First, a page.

Should Bounce Rate Still Be a Marketing KPI?

Posted on October 1, 2021 by Nick Ilev

If you’re a B2B company, should bounce rates be considered one of your marketing KPIs? The simple answer is no, it should not be. 

But before we explain why, let’s first consider what bounces and sessions mean to one another. 

Bounces vs. Sessions

Website bounces occur when a user leaves your site after visiting one page or simply has only one interaction, whereas a session constitutes a series of multiple interactions on your site. An example of a session could include a web page view, filling out a web form or buying a product. Sessions expire after 30 minutes of inactivity by default. However, it is possible to have two sessions with only one page view. If your bounce rate is 70 percent, that means you had 100 sessions in a day and 70 bounces. 

The problem with emphasizing bounce rates in your Key Performance Indicators (KPIs) lies in the fact that there is no universal set of KPIs for all types of businesses. There are business-to-consumer models and then there are business-to-business models. The right KPIs are predicated on information and data and if those are askew with the wrong business model, well then, you have a problem.

Now, if you’re an ecommerce site or a content website that generates revenue through ad sales, then yes, you should absolutely care about bounce rates — the more time on site, the more pages per visit, the better! That’s fair. 

But if you’re a B2B company, let’s break down why bounce rate shouldn’t matter to you.

Why Bounce Rates are Not as Important as You Thought

First of all, you can’t make strong, informed decisions about your marketing based on bounce rate, except in rare circumstances. 

Does that mean bounced sessions are universally negative? Here are three scenarios that illustrate that they are not:

  1. A person may want to know “what does this thing cost?” lands on your pricing page, learns what they need to know and leaves.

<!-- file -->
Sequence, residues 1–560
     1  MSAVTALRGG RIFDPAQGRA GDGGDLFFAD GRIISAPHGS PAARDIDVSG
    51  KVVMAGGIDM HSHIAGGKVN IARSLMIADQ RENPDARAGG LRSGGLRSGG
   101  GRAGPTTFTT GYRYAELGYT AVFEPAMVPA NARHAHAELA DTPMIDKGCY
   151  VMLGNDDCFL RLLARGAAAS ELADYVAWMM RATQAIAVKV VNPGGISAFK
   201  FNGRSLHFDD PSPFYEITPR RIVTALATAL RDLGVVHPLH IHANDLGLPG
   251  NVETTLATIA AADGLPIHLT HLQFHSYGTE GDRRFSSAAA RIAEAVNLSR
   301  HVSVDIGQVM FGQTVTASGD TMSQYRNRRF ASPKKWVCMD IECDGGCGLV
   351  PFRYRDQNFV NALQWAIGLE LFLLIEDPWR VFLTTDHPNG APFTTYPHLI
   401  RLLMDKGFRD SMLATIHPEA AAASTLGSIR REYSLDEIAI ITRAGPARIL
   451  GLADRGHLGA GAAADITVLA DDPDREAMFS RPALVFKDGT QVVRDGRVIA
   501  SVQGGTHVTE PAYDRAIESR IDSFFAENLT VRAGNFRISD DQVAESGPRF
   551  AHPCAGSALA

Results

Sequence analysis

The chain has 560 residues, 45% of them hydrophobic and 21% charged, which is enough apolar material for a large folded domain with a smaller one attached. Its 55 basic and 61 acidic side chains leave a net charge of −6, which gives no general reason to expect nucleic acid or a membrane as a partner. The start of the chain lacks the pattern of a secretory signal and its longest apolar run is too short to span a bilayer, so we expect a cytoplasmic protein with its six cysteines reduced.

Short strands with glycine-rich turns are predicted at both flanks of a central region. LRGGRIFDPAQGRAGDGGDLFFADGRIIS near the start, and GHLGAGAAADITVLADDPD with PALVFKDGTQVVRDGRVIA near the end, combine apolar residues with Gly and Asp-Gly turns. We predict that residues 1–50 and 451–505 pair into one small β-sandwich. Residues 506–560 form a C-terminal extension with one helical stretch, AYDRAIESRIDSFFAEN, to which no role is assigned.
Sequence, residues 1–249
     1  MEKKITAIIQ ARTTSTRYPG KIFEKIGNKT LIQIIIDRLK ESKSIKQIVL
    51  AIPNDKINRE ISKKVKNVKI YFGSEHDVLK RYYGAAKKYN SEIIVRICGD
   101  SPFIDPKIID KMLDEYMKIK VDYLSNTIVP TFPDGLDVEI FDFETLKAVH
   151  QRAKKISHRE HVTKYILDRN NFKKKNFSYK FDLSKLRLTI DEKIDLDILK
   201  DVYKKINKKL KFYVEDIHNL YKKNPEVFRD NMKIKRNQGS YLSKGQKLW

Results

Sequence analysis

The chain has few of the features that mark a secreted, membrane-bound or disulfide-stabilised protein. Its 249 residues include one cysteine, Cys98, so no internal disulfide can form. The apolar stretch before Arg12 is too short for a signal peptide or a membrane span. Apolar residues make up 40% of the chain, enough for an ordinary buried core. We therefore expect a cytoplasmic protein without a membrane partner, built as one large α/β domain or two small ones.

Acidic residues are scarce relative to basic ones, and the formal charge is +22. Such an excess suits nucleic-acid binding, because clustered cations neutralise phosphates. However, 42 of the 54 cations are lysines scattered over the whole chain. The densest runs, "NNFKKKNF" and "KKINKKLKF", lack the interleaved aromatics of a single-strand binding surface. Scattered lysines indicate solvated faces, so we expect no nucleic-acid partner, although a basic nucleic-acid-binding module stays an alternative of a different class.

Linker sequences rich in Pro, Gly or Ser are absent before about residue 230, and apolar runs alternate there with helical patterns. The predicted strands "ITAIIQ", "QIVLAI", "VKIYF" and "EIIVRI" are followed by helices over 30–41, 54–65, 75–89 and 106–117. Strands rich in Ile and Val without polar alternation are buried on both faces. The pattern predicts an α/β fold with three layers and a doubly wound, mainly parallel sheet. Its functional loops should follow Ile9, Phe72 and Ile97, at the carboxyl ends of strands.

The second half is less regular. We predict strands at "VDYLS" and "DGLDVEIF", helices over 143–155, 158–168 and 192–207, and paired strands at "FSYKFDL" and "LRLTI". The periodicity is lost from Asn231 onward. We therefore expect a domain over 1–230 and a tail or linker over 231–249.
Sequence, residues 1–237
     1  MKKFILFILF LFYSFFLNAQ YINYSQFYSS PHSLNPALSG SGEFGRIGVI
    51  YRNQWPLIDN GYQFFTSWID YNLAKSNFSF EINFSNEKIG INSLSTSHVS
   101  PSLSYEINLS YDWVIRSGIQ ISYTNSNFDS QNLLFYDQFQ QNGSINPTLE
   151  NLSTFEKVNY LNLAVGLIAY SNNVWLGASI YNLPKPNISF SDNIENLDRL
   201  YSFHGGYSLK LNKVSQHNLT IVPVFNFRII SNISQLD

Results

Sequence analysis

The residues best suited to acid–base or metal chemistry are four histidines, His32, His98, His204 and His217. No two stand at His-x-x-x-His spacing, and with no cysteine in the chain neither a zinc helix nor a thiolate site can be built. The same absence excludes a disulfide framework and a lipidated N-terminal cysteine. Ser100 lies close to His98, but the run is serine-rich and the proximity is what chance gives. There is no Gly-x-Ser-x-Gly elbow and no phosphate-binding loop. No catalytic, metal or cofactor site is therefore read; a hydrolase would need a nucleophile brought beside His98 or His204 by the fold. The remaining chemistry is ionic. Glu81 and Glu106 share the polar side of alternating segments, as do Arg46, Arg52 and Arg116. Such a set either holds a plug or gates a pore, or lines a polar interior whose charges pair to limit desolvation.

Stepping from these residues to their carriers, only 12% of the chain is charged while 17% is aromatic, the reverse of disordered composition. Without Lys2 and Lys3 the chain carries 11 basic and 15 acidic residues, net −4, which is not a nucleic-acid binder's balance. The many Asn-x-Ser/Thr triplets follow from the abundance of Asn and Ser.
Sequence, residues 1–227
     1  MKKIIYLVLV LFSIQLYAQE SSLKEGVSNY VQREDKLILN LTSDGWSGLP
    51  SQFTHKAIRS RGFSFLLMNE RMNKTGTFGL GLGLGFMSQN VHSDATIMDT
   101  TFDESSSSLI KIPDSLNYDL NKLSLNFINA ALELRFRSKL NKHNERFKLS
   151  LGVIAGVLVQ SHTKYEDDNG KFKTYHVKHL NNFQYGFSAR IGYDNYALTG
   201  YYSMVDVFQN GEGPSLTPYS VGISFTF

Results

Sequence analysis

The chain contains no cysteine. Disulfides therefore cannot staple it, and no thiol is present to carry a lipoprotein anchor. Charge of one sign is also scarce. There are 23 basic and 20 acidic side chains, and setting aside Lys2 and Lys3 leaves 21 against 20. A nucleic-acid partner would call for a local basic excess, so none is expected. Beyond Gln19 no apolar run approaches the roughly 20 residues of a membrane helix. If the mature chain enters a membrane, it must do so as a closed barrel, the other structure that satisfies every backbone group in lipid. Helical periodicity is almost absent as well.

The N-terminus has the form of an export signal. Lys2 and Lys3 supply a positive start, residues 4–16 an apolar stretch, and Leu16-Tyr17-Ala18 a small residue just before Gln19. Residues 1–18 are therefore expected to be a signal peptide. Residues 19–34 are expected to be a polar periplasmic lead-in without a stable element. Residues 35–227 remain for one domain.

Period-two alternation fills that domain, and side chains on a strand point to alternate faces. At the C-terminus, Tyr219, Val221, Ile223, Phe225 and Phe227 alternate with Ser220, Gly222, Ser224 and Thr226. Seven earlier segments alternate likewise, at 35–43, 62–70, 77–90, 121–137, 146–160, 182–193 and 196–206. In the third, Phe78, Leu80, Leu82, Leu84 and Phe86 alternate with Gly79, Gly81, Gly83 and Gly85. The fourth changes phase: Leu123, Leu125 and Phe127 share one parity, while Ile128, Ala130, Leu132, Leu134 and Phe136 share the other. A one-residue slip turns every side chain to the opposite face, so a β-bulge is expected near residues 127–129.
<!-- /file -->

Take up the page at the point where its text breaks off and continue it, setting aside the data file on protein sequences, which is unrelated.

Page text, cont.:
2. Someone is looking for the date of your webinar, clicks on the webinar landing page, finds the date and leaves. 
  3. Someone lands on one of your webpages, watches a 30-minute video then leaves having learned what they wanted to know.

These visitors would feel perfectly satisfied with their visit, but your metrics would say it’s bad. 

Do you want to change how your website works to make it harder for those people to find what they want in a single page? Of course not! So why should you think of those kinds of visits as bad?

Of course, we can’t reliably know why people bounced — maybe they bounced because your site didn’t provide the content for which they were looking. That’s certainly a failed visit. 

However, can you tell that just from looking at the bounce rate? Probably not. If you can’t tell what bounces are fine and what bounces are bad, how do you decide what needs to change?

Secondly, if we can agree that not every metric can be a key indicator of performance, take some time and think about what metrics really help you make decisions that improve your marketing. 

KPIs that Matter

The following are all metrics that can help you make decisions about what marketing is working and what marketing isn’t moving the needle:

  • Traffic by channel
  • Conversions by channel
  • Cost per conversion
  • Conversion rate by channel
  • Conversion rate by landing page
  • Marketing qualified leads (MQLs)
  • Lead quality
  • Revenue contributed

This doesn’t mean that bounce rate can’t tell you anything. If 100% of visitors to a paid landing page bounce, that tells you that it isn’t working. Of course, you would have also known that from its 0% conversion rate, but that bounce rate is still informative. If your sitewide bounce rate is 74%, but an outlier page is 28%, then that might be worth digging into further. 

Avoiding an Incomplete Picture

What this scenario reveals is that bounce rate isn’t the most important thing, the outliers are. If your sitewide bounce rate is within the industry average (50-70%), don’t worry about small shifts within that range. Your KPIs should be the metrics that help you make useful, informed decisions about how your marketing can improve. Your focus should be on those. 

The takeaway here is that bounce rates don’t tell the whole story. B2B marketing encompasses a different approach than B2C, therefore KPIs will also be different. For B2B, it’s not all about visitors bouncing. It’s about leads converting. 

At GMG, we take a pragmatic, informed approach to developing custom-tailored B2B marketing plans for our clients. We understand that one size certainly does not fit all. 

Contact us today to discover how GMG can move the needle for your company by taking the right approach with a qualified marketing communications strategy and proven tactics in advertising campaign planning.

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